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Prevalence of and factors associated with obstructive sleep apnea in a cohort of adults with long duration type 1 diabetes mellitus

Denic, Hristina (2014) Prevalence of and factors associated with obstructive sleep apnea in a cohort of adults with long duration type 1 diabetes mellitus. Master's Thesis, University of Pittsburgh. (Unpublished)

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Chronic health conditions like diabetes and sleep disorders have been increasing. Previous research showed that diabetes and sleep disorders are interrelated. The majority of studies examining this relationship focused on type 2 diabetes. Although a relationship between sleep disorders and type 1 diabetes (T1D) has been studied, investigations have been limited to youth and small samples. We, therefore, aimed to assess the prevalence, overall and gender-specific, and correlates, of obstructive sleep apnea (OSA) risk in an adult cohort with long-standing T1D.
A total of 170 individuals with T1D attending the 25-year follow-up of the Pittsburgh Epidemiology of Diabetes Complications study who completed an OSA screening tool, the Berlin Questionnaire (BQ), were included in this cross-sectional analysis. Those scoring positively on the BQ and/or reported a previous OSA diagnosis were classified as being at high OSA risk.
The OSA risk prevalence was 25.9% (25.0% among men, 26.6% among women). High versus low-OSA-risk individuals differed univariately with respect to markers of obesity, systolic blood pressure, estimated glucose disposal rate, lipid profile, and smoking history, although no differences were observed in hemoglobin A1c. In the final multivariable model, adjusting for sex and diabetes duration, body mass index (BMI) (directly, p=0.01), high-density lipoprotein (HDL) (inversely, p=0.03), and smoking history (directly, p=0.04) correlated with OSA risk. In gender-specific analyses, adjusting for diabetes duration, BMI (directly, p=0.007) and HDL (inversely, p=0.03) were also associated with OSA risk in women, while diastolic blood pressure (p=0.01) and smoking history (p=0.04) were positive OSA correlates in men.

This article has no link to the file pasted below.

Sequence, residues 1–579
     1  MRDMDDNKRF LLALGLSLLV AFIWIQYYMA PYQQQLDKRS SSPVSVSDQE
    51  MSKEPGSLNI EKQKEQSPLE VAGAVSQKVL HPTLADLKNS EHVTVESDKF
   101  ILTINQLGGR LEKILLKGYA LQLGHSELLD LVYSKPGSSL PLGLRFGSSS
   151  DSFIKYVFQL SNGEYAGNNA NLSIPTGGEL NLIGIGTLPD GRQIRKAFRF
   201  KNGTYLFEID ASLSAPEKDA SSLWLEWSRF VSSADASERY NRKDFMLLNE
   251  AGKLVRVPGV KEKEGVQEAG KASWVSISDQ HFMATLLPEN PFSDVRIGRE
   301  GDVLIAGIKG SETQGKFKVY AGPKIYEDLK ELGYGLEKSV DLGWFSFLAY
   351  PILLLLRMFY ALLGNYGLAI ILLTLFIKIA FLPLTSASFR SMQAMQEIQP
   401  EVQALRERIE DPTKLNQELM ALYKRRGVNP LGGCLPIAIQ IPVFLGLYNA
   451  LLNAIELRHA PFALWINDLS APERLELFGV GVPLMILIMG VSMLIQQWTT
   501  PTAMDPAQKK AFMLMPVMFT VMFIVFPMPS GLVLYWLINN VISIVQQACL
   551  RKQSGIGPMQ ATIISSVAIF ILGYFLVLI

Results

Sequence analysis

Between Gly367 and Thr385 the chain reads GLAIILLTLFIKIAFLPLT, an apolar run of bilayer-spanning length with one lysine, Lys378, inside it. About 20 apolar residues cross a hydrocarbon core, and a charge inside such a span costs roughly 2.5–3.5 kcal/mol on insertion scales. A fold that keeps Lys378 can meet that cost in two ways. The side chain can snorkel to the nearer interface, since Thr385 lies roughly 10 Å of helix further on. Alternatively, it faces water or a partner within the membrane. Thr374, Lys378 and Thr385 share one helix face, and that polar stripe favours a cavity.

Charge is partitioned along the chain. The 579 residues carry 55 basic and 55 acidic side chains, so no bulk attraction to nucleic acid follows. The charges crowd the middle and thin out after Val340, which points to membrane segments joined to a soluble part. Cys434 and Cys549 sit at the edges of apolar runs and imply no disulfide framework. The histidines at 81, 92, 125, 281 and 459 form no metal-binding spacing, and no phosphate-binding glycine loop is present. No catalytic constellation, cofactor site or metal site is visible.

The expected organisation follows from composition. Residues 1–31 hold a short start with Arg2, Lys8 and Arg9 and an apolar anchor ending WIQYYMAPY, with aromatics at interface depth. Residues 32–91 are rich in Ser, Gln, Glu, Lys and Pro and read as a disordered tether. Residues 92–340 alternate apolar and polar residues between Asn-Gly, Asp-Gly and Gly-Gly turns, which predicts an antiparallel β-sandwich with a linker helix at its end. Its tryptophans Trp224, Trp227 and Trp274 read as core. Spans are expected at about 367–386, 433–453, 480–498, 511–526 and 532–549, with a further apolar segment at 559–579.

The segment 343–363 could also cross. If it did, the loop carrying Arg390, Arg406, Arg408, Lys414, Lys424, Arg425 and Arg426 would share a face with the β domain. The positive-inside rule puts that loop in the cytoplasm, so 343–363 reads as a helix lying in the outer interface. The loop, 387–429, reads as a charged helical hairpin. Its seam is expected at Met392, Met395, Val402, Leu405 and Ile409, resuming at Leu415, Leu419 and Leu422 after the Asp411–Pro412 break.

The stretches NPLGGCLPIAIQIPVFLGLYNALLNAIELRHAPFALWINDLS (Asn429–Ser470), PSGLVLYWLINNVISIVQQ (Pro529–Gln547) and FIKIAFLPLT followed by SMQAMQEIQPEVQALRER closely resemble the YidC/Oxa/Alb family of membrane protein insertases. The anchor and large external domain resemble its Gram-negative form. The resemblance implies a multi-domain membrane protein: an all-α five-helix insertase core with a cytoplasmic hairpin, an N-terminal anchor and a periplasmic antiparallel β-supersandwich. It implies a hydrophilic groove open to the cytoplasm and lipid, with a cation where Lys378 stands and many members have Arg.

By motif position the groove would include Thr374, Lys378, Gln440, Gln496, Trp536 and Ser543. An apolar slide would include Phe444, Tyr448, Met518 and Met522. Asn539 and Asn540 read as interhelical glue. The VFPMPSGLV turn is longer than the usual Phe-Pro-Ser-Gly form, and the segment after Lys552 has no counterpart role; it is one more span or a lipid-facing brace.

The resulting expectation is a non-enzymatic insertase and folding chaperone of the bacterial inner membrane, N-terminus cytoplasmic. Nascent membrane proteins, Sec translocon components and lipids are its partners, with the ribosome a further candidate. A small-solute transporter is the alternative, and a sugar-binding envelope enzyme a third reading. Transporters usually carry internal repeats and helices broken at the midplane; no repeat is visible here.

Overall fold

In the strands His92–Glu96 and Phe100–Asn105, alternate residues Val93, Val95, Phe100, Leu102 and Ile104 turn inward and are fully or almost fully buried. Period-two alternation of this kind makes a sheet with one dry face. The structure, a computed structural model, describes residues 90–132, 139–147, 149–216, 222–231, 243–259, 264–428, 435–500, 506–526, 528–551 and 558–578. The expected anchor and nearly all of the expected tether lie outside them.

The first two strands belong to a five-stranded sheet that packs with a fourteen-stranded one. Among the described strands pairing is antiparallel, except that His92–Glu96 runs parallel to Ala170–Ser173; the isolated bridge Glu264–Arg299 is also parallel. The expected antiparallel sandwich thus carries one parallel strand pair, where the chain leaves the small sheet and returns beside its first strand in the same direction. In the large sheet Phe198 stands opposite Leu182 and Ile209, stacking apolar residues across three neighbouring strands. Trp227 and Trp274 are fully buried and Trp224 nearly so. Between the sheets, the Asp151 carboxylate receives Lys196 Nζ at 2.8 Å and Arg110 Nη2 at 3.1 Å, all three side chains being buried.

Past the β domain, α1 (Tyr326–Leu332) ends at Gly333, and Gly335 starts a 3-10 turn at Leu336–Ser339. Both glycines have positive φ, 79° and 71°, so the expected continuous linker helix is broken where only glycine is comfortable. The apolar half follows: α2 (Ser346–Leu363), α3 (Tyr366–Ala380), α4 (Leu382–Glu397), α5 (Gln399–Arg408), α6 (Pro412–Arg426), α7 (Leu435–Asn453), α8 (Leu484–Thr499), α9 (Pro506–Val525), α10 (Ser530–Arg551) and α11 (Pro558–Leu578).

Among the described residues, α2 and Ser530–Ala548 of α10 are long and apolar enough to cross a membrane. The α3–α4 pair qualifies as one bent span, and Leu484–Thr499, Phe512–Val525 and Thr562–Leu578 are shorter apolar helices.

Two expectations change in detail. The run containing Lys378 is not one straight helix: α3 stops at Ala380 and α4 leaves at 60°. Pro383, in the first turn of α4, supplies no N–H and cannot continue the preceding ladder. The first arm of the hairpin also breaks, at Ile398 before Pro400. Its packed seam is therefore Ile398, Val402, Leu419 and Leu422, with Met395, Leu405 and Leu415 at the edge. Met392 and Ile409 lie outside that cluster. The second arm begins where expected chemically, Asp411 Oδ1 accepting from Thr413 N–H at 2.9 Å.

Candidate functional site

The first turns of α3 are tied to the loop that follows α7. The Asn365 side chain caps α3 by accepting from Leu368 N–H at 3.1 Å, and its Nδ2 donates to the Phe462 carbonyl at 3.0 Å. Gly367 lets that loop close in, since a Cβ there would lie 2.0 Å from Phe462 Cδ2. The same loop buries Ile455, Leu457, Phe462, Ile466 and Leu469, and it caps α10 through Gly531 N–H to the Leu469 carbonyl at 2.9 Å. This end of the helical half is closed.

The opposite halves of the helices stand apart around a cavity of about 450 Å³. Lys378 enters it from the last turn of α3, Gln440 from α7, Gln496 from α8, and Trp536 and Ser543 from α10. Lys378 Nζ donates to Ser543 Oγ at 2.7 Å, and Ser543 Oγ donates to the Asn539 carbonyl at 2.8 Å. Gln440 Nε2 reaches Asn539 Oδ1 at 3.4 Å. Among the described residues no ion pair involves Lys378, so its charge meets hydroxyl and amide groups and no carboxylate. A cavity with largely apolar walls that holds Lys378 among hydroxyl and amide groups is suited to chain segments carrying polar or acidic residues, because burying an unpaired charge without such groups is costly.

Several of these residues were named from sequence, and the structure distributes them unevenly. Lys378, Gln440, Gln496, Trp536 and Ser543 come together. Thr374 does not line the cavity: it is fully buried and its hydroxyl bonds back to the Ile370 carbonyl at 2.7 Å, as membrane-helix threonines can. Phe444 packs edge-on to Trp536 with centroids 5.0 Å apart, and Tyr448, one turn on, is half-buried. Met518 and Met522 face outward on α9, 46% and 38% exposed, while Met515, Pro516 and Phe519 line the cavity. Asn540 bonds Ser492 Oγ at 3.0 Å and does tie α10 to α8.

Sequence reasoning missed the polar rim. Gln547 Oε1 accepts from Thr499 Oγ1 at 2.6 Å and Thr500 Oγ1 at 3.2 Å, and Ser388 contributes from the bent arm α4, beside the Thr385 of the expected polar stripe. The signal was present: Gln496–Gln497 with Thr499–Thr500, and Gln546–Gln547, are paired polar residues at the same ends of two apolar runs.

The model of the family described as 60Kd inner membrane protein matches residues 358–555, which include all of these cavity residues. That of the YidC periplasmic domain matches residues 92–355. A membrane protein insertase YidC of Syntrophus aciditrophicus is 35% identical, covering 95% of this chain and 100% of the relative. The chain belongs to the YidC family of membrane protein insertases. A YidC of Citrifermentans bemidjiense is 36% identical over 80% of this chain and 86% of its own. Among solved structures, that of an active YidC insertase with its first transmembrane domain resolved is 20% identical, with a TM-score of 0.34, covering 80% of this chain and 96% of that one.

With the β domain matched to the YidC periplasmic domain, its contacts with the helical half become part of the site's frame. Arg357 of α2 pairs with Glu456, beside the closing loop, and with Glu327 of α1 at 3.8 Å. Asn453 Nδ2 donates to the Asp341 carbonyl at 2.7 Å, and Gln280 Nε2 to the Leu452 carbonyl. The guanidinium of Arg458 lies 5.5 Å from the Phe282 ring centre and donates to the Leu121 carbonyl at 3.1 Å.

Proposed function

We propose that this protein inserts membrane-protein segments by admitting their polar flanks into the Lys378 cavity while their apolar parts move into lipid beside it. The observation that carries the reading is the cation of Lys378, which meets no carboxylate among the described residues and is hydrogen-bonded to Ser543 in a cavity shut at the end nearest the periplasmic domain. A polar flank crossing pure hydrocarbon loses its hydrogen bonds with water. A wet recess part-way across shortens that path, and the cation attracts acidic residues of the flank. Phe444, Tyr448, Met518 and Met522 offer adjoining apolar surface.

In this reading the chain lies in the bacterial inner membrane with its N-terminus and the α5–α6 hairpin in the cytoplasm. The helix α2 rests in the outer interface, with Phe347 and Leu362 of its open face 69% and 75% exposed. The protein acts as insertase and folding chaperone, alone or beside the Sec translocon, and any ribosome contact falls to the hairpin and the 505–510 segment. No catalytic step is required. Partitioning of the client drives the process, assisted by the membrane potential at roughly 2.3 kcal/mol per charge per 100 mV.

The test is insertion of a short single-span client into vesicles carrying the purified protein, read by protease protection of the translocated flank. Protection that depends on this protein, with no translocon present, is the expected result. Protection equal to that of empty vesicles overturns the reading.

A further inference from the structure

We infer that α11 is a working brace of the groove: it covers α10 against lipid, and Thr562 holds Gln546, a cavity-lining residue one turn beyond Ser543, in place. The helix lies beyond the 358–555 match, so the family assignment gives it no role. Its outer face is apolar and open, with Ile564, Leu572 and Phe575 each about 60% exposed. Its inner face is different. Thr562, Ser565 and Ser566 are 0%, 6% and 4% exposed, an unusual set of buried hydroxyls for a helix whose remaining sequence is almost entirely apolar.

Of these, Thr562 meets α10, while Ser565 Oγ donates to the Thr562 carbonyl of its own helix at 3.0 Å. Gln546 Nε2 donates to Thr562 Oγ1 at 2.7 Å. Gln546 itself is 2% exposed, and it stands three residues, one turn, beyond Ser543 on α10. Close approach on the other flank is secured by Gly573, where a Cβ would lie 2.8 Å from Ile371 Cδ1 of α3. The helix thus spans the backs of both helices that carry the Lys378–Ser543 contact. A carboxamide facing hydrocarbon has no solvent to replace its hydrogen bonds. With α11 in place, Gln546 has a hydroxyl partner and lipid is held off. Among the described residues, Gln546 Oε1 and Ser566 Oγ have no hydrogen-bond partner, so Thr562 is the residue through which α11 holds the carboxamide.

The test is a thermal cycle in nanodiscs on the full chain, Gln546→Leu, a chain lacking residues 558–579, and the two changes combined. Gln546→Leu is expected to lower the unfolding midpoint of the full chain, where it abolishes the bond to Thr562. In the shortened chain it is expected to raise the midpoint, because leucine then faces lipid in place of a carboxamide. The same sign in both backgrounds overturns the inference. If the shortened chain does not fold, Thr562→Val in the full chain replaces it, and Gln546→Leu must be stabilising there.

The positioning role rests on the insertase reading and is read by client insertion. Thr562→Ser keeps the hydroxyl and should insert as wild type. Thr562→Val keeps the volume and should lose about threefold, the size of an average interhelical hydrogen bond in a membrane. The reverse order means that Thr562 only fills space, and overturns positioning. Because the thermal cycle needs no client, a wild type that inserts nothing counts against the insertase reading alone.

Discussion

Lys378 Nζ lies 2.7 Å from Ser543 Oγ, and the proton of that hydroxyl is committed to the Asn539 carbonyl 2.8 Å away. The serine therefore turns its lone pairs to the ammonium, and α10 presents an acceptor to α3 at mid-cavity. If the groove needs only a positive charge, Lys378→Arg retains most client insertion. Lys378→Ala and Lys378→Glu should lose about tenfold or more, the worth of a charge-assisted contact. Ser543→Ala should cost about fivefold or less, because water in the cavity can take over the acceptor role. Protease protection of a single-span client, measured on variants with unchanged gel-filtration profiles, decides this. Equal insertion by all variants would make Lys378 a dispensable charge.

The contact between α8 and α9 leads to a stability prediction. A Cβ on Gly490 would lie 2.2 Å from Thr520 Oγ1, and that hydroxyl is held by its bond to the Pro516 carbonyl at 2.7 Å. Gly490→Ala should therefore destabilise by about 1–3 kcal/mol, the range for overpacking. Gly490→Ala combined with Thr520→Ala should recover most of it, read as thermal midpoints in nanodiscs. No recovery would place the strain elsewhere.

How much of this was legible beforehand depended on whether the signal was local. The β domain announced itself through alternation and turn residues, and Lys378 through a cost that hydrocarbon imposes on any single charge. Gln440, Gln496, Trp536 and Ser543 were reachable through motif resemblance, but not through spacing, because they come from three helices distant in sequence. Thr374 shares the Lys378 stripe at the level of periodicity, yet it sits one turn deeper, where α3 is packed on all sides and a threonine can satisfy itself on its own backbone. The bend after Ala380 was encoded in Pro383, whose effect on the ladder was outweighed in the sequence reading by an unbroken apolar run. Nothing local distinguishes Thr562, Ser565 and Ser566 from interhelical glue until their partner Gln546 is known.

Our findings suggest that the prevalence of high OSA risk in adults with long-standing T1D is comparable to that in the general population. Given that both OSA screening tools and treatment are widely available, identifying high OSA risk among individuals already burdened with a serious chronic disease is of public health importance. Indeed, modifiable risk factors were independently associated with OSA risk in this study, suggesting that the adoption of a healthier lifestyle may reduce OSA risk in T1D, improving the wellbeing and reducing the subsequent risk of further complication development. Future prospective cohorts should be conducted to explore this hypothesis.


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Item Type: University of Pittsburgh ETD
Status: Unpublished
CreatorsEmailPitt UsernameORCID
Denic, Hristinahrd7@pitt.eduHRD7
ETD Committee:
TitleMemberEmail AddressPitt UsernameORCID
Thesis AdvisorCostacou, TinaCostacouT@edc.pitt.eduCOSTACOU
Committee MemberOrchard, Trevortjo@pitt.eduTJO
Committee MemberArena, Vincent C.arena@pitt.eduARENA
Date: 30 September 2014
Date Type: Publication
Defense Date: 17 July 2014
Approval Date: 30 September 2014
Submission Date: 21 July 2014
Access Restriction: 2 year -- Restrict access to University of Pittsburgh for a period of 2 years.
Number of Pages: 53
Institution: University of Pittsburgh
Schools and Programs: School of Public Health > Epidemiology
Degree: MS - Master of Science
Thesis Type: Master's Thesis
Refereed: Yes
Uncontrolled Keywords: Obstructive sleep apnea, type 1 diabetes
Date Deposited: 30 Sep 2014 12:42
Last Modified: 15 Nov 2016 14:22


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